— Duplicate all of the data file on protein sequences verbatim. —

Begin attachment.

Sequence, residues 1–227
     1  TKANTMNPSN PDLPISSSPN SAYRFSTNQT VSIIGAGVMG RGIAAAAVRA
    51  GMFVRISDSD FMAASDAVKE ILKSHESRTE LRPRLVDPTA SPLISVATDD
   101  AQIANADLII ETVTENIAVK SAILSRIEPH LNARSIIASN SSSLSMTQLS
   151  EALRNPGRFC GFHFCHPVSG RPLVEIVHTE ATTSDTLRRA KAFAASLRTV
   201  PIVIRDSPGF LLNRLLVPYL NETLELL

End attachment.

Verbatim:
Sequence, residues 1–227
     1  TKANTMNPSN PDLPISSSPN SAYRFSTNQT VSIIGAGVMG RGIAAAAVRA
    51  GMFVRISDSD FMAASDAVKE ILKSHESRTE LRPRLVDPTA SPLISVATDD
   101  AQIANADLII ETVTENIAVK SAILSRIEPH LNARSIIASN SSSLSMTQLS
   151  EALRNPGRFC GFHFCHPVSG RPLVEIVHTE ATTSDTLRRA KAFAASLRTV
   201  PIVIRDSPGF LLNRLLVPYL NETLELL